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AC Joint Arthroplasty

What is AC Joint Arthroplasty?

Acromioclavicular (AC) joint arthroplasty, also known as the Mumford procedure or distal clavicle resection, is a surgical procedure performed to mainly treat osteoarthritis of the AC joint or AC joint arthrosis. The procedure involves removal of less than a centimeter of the end of the clavicle nearest to the acromion along with some reshaping of the AC joint to enable pain-free motion of the joint.

Osteoarthritis of the AC joint is a degenerative joint condition defined by loss of cartilage or wear and tear of the smooth, white articular cartilage covering the ends of bones that enable smooth movement of the bones and joints without friction. Wear and tear of the AC joint can occur over time as you age or with repetitive stress activities that affect the AC joint. It is more common in individuals involved in overhead sports activities such as tennis; construction workers; weight lifters; and gym enthusiasts who engage in excessive bench presses and military presses.

Anatomy of the AC Joint

The AC joint is situated at the end of the shoulder where the scapula (shoulder blade) and clavicle (collarbone) join together at a position on the upper section of the scapula called the acromion. The scapula and clavicle bones are held together by ligaments. The joint is enveloped by a group of ligaments called acromioclavicular ligaments to design a capsule that encloses the joint. The shoulder is stabilized by another group of ligaments termed as the coracoclavicular ligaments that hold the clavicle in position by joining it to a bony projection on the surface of the clavicle known as the coracoid process. The joint has a plate of cartilage between 2 bones that help in joint movement. The AC joint enables motion to occur between the scapula and the clavicle as you move your shoulder.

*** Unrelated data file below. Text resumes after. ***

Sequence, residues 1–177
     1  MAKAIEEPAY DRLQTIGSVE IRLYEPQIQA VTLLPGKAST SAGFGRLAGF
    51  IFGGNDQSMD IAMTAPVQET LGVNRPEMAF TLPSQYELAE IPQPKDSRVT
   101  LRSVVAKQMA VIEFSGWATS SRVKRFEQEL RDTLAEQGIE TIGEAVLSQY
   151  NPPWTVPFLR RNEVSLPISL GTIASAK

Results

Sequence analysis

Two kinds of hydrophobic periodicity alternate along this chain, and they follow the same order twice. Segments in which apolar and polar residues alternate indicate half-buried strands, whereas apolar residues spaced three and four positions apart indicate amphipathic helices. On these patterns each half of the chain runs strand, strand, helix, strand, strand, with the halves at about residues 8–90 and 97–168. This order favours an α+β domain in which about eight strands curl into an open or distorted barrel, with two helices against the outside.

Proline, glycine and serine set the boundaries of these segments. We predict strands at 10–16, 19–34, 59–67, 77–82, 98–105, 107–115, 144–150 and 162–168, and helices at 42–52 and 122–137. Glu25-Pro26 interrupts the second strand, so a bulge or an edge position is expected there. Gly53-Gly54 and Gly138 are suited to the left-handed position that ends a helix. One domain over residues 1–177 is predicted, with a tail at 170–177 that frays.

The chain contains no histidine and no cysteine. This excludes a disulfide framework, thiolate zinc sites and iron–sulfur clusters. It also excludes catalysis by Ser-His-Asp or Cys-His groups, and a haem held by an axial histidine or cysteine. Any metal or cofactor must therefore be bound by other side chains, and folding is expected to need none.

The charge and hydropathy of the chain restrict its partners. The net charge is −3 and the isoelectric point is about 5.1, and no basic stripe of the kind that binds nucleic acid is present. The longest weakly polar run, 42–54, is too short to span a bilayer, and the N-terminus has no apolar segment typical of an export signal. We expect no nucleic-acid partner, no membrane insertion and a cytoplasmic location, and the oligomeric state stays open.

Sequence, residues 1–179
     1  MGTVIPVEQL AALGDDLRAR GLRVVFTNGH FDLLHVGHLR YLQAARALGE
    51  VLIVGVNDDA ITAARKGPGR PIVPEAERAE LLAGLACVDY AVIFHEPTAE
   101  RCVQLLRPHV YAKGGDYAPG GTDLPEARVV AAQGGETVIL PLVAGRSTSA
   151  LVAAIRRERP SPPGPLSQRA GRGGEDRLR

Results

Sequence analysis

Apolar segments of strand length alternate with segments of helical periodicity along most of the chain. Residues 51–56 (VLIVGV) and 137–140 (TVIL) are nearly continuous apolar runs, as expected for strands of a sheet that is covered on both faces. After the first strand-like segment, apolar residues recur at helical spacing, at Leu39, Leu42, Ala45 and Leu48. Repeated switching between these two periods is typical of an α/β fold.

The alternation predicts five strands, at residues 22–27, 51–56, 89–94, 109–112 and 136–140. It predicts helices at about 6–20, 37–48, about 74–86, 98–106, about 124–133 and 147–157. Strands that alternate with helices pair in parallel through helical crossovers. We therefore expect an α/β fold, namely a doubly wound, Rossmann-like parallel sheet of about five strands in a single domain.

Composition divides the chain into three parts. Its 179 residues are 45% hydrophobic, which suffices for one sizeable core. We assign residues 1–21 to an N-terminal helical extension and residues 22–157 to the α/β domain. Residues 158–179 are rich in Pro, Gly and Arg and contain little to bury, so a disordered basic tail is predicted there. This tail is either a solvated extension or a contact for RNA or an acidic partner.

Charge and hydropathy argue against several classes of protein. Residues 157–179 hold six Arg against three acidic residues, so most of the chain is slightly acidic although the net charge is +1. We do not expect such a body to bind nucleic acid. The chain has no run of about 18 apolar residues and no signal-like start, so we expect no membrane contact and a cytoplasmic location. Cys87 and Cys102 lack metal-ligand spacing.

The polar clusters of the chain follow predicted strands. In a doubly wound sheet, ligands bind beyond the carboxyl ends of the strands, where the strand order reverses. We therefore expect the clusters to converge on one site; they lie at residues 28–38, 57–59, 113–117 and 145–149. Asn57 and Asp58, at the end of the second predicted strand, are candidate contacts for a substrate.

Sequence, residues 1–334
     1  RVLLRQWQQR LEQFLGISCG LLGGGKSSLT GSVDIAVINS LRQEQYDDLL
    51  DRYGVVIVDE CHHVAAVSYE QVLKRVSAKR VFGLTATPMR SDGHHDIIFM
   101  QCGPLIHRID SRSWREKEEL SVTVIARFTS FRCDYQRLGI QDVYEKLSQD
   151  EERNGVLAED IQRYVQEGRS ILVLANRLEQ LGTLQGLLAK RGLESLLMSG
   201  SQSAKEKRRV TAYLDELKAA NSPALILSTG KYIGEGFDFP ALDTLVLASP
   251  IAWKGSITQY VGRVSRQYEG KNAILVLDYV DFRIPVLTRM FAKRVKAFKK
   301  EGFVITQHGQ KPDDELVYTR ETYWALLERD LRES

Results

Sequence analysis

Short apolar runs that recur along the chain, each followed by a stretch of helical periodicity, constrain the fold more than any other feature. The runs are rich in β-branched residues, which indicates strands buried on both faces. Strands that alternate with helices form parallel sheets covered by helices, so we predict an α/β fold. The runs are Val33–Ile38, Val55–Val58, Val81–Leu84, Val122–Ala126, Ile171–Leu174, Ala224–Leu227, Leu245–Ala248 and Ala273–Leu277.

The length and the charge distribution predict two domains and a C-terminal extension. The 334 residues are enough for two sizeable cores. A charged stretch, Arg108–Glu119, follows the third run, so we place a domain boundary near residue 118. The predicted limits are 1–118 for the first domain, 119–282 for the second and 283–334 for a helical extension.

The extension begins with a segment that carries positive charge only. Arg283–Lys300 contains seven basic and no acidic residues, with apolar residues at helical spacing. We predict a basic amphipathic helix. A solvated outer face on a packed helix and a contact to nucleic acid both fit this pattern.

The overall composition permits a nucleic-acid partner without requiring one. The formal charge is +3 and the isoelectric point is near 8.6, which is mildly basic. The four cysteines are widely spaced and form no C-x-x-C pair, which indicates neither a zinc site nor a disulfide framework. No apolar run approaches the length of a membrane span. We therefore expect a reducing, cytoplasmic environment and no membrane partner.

Indications for AC Joint Arthroplasty

Some of the common indications for AC joint arthroplasty include:

  • Symptomatic AC joint osteoarthritis
  • Impingement of the rotator cuff secondary to arthritic or degenerative changes in the AC joint, such as bone spurs triggering secondary impingement
  • AC joint osteolysis or distal clavicular osteolysis, also known as weightlifter’s shoulder; a condition marked by a series of tiny fractures down the end of the clavicle
  • Symptoms that interfere with your daily activities, work, and sports and are not responsive to conservative treatment measures for a minimum of six months
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